|8x||Mobile internet adoption has outpaced desktop internet adoption by eight times. #|
|1.03M||1.03 million touch screen phones sold per day in 2009. #|
|100k||100,000 Android phones activated per day in May 2010.#|
|2011||Smartphone sales will surpass worldwide PC sales by the end of 2011 .#|
|1B||Heavy mobile data users are projected to triple to one billion by 2013. #|
|32B||Mobile Apps will be a 32 billion dollar industry in 2015. #|
Disclaimer: Most of these stats are from Luke Wroblewski http://www.lukew.com/ff/entry.asp?933
Design & Development on the Mobile Web
I usually don’t usually sit around and ponder “The Mobile Web”, but about two weeks ago I accidentally inundated myself with multiple talks about it from two separate podcasts. Because of that, the Mobile Web has a growing market share in my brain space.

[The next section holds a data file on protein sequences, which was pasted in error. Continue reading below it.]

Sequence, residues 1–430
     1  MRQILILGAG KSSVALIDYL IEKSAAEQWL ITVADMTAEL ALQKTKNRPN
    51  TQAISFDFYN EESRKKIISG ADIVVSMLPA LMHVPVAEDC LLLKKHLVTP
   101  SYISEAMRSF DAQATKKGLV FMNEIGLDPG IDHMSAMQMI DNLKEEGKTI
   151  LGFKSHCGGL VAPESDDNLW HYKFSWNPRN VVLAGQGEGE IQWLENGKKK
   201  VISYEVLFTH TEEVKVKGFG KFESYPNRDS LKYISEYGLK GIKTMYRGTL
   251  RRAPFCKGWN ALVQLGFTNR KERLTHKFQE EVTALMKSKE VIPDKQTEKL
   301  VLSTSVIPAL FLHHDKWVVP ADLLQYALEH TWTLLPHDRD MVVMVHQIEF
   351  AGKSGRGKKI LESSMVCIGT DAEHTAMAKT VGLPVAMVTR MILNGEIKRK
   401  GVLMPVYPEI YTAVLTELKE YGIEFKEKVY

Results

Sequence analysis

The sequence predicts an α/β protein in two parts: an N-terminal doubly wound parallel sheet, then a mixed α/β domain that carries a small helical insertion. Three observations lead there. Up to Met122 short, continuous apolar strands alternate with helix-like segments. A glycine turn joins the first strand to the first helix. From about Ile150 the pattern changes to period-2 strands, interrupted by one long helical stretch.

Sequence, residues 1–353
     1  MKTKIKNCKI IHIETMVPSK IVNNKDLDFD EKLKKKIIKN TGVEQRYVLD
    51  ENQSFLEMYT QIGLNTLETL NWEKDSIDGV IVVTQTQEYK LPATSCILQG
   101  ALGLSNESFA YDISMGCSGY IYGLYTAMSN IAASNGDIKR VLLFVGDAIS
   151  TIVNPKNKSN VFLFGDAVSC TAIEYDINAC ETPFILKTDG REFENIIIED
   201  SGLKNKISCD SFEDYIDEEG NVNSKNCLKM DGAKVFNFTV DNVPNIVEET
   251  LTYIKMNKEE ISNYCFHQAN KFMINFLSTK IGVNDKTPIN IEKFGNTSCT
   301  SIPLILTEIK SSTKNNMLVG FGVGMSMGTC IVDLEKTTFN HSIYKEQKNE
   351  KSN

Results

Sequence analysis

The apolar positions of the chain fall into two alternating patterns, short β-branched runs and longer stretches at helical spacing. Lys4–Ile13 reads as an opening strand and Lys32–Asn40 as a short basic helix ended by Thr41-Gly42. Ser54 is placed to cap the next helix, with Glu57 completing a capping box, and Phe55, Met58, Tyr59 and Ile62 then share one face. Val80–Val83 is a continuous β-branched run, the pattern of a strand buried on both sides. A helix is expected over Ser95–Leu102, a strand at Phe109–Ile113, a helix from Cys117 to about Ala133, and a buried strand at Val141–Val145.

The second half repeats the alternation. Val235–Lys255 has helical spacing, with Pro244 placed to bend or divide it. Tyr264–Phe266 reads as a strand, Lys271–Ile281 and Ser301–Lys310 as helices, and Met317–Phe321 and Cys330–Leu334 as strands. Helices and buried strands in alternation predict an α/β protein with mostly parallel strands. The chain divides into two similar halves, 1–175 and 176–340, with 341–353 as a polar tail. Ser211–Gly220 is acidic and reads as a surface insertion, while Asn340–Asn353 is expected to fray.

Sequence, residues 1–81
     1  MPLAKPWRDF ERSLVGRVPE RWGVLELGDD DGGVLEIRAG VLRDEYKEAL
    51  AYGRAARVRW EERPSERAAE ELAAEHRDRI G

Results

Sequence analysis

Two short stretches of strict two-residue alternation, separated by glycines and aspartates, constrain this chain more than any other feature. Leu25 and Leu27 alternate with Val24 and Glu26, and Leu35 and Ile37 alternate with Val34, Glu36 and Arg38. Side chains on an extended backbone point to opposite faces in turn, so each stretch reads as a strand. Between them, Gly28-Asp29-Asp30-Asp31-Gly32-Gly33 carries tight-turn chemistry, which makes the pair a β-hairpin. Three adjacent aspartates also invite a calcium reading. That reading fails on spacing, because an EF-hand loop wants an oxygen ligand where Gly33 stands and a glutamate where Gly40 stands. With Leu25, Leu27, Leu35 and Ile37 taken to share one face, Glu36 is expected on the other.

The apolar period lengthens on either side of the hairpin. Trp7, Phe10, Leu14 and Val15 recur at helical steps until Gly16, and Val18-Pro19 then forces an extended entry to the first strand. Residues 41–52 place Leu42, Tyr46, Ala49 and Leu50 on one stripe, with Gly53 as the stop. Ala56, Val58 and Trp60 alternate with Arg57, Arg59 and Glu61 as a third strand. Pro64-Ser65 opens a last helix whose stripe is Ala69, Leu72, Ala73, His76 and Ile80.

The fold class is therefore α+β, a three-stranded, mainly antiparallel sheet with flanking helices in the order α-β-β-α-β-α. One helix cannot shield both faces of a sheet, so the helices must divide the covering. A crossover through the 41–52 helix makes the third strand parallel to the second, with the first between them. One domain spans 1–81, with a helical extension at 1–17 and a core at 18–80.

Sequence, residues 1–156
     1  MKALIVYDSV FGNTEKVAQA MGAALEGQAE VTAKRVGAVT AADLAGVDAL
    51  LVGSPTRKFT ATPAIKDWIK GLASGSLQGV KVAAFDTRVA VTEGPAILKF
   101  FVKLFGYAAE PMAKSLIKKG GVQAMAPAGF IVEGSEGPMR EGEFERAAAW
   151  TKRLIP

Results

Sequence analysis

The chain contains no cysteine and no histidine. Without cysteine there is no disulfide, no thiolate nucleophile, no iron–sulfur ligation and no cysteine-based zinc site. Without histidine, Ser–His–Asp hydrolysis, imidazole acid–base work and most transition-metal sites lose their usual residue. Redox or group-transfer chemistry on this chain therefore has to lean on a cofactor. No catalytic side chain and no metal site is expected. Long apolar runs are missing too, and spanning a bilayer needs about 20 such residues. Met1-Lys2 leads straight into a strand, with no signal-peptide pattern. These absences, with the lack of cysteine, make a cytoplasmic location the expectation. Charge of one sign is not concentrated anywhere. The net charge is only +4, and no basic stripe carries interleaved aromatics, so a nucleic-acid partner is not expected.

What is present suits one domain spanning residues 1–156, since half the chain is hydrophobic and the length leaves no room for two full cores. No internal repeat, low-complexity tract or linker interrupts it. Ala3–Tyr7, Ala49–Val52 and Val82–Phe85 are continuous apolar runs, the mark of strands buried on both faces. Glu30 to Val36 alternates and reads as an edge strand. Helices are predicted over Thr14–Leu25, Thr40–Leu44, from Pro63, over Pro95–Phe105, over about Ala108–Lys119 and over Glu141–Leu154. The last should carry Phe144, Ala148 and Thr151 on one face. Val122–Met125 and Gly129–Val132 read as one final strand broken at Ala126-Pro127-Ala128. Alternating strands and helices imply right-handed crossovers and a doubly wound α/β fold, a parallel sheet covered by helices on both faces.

First was John Resig on yayQuery and second was Luke Wroblewski on The Big Web Show. I encourage you to tune in and listen to each of these episodes, although each episode leans towards a different end of the Design/Development spectrum they combine to help paint a larger picture of the challenges and limitations of the mobile web.
I should state upfront that I’m not going to propose any solutions or announce a new biz-dev-mobile-social-strategy on behalf of Paravel. If we had it my way, the whole world would convert to Webkit and we’d be mostly done with all the cross browser crap, but that’s not reality. I just want to share a mini-roundup of what my mindgrapes are soaking in.
The Design Point of View
Episode 6 of The Big Web Show is a must listen. Luke Wroblewski shares his “Mobile First” mantra, which is the idea that if you design for the mobile platform first, you can end up with a superior product.